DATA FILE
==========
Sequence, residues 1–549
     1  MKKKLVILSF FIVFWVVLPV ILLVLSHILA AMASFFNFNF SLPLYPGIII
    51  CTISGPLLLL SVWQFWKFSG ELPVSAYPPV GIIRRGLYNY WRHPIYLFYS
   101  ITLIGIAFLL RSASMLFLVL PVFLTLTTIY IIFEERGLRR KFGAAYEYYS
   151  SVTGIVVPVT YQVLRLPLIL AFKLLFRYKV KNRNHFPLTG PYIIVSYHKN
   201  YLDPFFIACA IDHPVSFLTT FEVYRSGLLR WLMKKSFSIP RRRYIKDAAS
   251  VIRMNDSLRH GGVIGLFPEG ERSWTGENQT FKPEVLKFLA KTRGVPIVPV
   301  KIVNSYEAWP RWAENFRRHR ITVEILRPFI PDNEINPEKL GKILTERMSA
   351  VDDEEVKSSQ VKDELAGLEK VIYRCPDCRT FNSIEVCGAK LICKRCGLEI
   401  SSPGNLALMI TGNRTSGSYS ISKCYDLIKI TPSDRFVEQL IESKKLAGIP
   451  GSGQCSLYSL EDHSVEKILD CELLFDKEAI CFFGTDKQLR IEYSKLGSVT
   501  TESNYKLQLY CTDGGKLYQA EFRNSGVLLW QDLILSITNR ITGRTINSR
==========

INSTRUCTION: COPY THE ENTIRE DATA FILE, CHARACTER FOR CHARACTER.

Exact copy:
Sequence, residues 1–549
     1  MKKKLVILSF FIVFWVVLPV ILLVLSHILA AMASFFNFNF SLPLYPGIII
    51  CTISGPLLLL SVWQFWKFSG ELPVSAYPPV GIIRRGLYNY WRHPIYLFYS
   101  ITLIGIAFLL RSASMLFLVL PVFLTLTTIY IIFEERGLRR KFGAAYEYYS
   151  SVTGIVVPVT YQVLRLPLIL AFKLLFRYKV KNRNHFPLTG PYIIVSYHKN
   201  YLDPFFIACA IDHPVSFLTT FEVYRSGLLR WLMKKSFSIP RRRYIKDAAS
   251  VIRMNDSLRH GGVIGLFPEG ERSWTGENQT FKPEVLKFLA KTRGVPIVPV
   301  KIVNSYEAWP RWAENFRRHR ITVEILRPFI PDNEINPEKL GKILTERMSA
   351  VDDEEVKSSQ VKDELAGLEK VIYRCPDCRT FNSIEVCGAK LICKRCGLEI
   401  SSPGNLALMI TGNRTSGSYS ISKCYDLIKI TPSDRFVEQL IESKKLAGIP
   451  GSGQCSLYSL EDHSVEKILD CELLFDKEAI CFFGTDKQLR IEYSKLGSVT
   501  TESNYKLQLY CTDGGKLYQA EFRNSGVLLW QDLILSITNR ITGRTINSR